According to Dallmer (1966), Endoplasmic Reticulum is originated from the plasma membrane by the investigation. According to Derobertis (1970), the ER originates from the nuclear envelope.
The Endoplasmic Reticulum (ER) is a strikingly complex structure within the cell and has three morphologically distinct regions:
- Sheets of the nuclear envelope
- A network of interconnected peripheral ER tubules
- Peripheral ER sheets
All three regions exist within the continuous membrane bilayer and correlate with specialized ER functions. They can be easily detected by fluorescence microscopy.
Structure of rEndoplasmic Reticulum (rER) and sEndoplasmic Reticulum (sER):
The peripheral Endoplasmic Reticulum extends throughout the cell cytoplasm and its lumen is continuous with that of the nuclear envelope. Both constitute more than 10% of the total cell volume.
Endoplasmic Reticulum sheets are flat, extended surfaces with little membrane curvature that are often characterized by the presence of multiple membrane-bound ribosomes referred to as rough Endoplasmic Reticulum (RER).
Thus they tend to be granular in appearance. An example of a rough Endoplasmic Reticulum sheet is the nuclear envelope that considered to be a sheet because of its large size.
ER tubules are long, cylindrical with a lot of membrane curvature and intersect to form an intricate network throughout the cell cytoplasm. Composed primarily of ribosome-free smooth ER (SER), they appear to be more dilated and convoluted in general.
The thickness of the sheets and diameter of tubules varies depending on the type of cell they are found in but is typically considered to be around 60-100 nm. This suggests that both regions are actively shaped.
Functions of Endoplasmic Reticulum
Since protein translocation is an essential process in all eukaryotic cells, they all contain RER. The membrane-bound ribosomes perform all functions associated with the biosynthesis of proteins that are either secreted or are membrane-bound. This even includes their modification(s) as well as proper folding.
One type of ER that is found in almost all cells is the transitional ER. It is rich in proteins involved in the packaging of other proteins for transport from the ER to the Golgi apparatus.
On the other hand, SER is abundant in certain cell types only. Some of them are:
- steroid-producing cells – functions as a site for many of the step in the synthesis of steroids
- liver cells – important for detoxification of hydrophobic substances
- neurons – assumed to be required for calcium handling
- muscle – called the sarcoplasmic reticulum (SR) and is primarily involved in calcium release and uptake in the muscle
But why is it that ribosomes are concentrated (almost exclusively) in the RER and completely excluded from SER rather than existing there at lower concentrations?
Well, researchers have proposed that concentrating the ribosomes in one part of the membrane results in efficient performance on part of the proteins that are associated with the translocation and modification of newly synthesized proteins.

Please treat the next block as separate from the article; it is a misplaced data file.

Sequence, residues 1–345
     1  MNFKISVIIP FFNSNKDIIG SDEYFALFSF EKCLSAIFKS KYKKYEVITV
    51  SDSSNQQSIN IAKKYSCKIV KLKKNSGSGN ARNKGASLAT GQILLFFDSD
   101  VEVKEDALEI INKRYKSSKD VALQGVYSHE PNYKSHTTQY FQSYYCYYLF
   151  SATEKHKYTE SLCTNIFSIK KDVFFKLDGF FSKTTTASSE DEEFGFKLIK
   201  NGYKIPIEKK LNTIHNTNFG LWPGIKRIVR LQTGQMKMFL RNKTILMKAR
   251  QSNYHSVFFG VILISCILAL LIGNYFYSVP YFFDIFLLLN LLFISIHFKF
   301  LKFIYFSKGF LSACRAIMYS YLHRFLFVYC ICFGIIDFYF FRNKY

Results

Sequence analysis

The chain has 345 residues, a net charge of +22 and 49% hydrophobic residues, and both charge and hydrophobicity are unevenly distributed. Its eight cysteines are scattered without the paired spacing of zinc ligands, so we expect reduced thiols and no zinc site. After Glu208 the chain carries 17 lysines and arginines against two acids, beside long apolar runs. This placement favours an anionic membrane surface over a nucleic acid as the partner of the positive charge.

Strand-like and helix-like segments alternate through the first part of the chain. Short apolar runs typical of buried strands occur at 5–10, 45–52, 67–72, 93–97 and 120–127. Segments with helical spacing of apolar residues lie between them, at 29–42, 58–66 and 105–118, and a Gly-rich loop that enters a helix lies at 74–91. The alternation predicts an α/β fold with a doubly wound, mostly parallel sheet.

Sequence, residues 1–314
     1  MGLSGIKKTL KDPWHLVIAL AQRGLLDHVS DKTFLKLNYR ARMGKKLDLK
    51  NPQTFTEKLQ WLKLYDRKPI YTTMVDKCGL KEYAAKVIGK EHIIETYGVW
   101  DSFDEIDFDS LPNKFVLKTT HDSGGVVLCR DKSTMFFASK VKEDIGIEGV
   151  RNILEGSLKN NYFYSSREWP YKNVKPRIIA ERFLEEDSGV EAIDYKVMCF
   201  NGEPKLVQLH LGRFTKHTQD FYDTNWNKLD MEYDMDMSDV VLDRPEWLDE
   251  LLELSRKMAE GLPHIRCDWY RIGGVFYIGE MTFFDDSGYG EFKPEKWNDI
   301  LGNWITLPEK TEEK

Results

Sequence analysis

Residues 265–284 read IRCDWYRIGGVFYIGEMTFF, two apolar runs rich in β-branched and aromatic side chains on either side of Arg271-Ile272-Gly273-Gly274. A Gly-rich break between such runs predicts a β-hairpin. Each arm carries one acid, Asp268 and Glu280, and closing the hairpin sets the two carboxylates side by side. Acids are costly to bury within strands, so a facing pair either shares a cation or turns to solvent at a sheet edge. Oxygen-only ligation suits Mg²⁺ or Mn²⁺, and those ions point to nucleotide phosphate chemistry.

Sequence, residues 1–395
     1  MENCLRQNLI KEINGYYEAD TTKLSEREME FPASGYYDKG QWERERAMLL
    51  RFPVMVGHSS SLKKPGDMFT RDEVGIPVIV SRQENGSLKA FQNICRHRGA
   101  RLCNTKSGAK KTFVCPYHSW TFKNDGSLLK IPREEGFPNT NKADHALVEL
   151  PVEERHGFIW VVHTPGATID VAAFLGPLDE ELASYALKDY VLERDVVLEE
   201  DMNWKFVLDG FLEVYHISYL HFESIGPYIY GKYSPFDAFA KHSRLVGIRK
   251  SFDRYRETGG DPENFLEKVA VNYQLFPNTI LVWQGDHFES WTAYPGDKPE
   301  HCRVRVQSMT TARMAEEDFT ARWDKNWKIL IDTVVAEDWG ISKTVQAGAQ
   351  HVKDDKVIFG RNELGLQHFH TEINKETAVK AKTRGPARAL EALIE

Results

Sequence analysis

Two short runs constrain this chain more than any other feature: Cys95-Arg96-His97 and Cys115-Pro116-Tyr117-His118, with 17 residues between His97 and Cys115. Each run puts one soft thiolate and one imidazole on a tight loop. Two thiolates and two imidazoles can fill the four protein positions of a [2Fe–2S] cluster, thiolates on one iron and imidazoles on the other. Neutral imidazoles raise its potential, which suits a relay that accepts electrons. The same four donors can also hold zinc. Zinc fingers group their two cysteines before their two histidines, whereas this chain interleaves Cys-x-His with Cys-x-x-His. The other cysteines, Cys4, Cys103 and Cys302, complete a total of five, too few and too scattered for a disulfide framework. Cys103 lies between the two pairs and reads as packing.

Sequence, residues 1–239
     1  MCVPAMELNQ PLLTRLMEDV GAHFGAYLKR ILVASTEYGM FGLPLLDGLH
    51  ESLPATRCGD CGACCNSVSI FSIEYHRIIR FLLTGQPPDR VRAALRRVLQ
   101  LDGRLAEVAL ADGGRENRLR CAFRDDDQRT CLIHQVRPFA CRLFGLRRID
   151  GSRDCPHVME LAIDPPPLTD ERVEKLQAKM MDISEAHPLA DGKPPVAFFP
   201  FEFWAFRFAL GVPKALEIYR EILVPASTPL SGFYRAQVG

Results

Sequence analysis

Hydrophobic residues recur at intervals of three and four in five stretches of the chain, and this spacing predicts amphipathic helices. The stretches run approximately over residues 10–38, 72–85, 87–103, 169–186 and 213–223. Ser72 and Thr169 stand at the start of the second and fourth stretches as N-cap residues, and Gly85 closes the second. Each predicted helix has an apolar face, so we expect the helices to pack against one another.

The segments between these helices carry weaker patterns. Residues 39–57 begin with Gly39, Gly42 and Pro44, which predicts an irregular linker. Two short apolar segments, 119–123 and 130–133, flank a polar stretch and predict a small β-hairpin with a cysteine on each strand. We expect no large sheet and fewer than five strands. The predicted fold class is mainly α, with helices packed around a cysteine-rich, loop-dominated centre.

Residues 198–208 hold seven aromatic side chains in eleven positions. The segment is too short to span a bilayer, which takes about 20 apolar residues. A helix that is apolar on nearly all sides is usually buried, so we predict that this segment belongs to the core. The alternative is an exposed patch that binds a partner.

But exactly how the two maintain their different protein compositions remains unknown
Association with other organelles
Some regions of the ER are closely associated with other organelles:
- Direct lipid and sterol transfer – Since lipids required by all the organelles are synthesized in the ER, it only makes sense that direct transfer of lipids and sterols to the membranes be carried out since not all organelles are associated with the ER through means of transport vesicles (for example, mitochondria)
- Calcium signaling – calcium release is facilitated upon membrane depolarization by contact between ER and plasma membrane (for example, muscle cells)
During cell division, the ER is subject to rearrangements in order to be properly redistributed to the daughter cells. As the nuclear envelope disassembles, its associated proteins are released into peripheral ER. The peripheral ER, in turn, undergoes changes in morphology.
What kinds of morphological changes?
It becomes a highly intricate tubular structure with the absence of sheets. It has been proposed that membrane fusion plays a likely role in the change in ER morphology – a process that is GTP-dependent and involves proteins called atlastins.
During interphase, however, the peripheral ER is a dynamic network consisting of cisternal sheets and linear tubules.
Functions of ER
- The ER divides the cell into separate compartments, making it possible for the cell’s different chemical products and activities to be segregated from each other.
- Many of the enzymes that carry out these activities from a part of the lipoprotein structure of the membrane forming the endoplasmic reticulum.
- According to Sjostrand (1964), the tubules and vesicles have surfaces that may play a role in enzymic reactions.
- In addition to the site of protein synthesis, the endoplasmic reticulum is also thought to function as a transport and storage system.
- ER also plays an important role in lipid metabolism and glycogen synthesis.
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